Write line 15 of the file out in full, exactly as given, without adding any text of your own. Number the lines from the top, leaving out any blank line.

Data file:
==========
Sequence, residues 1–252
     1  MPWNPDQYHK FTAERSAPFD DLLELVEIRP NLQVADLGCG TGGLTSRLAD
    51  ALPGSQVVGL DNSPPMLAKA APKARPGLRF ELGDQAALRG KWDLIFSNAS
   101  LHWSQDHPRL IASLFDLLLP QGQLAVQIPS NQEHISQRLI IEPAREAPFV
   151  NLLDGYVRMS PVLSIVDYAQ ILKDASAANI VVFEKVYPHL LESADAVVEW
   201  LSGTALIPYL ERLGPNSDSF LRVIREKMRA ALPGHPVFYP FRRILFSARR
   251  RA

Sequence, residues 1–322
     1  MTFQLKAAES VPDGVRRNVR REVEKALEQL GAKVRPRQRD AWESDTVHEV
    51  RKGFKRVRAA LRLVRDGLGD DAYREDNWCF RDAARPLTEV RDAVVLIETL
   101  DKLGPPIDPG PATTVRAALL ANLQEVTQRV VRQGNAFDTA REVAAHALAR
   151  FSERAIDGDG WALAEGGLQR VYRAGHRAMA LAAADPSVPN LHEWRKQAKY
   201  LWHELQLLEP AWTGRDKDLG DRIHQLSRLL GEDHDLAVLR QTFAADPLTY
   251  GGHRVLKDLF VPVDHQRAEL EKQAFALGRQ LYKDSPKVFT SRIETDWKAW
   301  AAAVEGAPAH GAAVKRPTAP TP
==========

   301  AAAVEGAPAH GAAVKRPTAP TP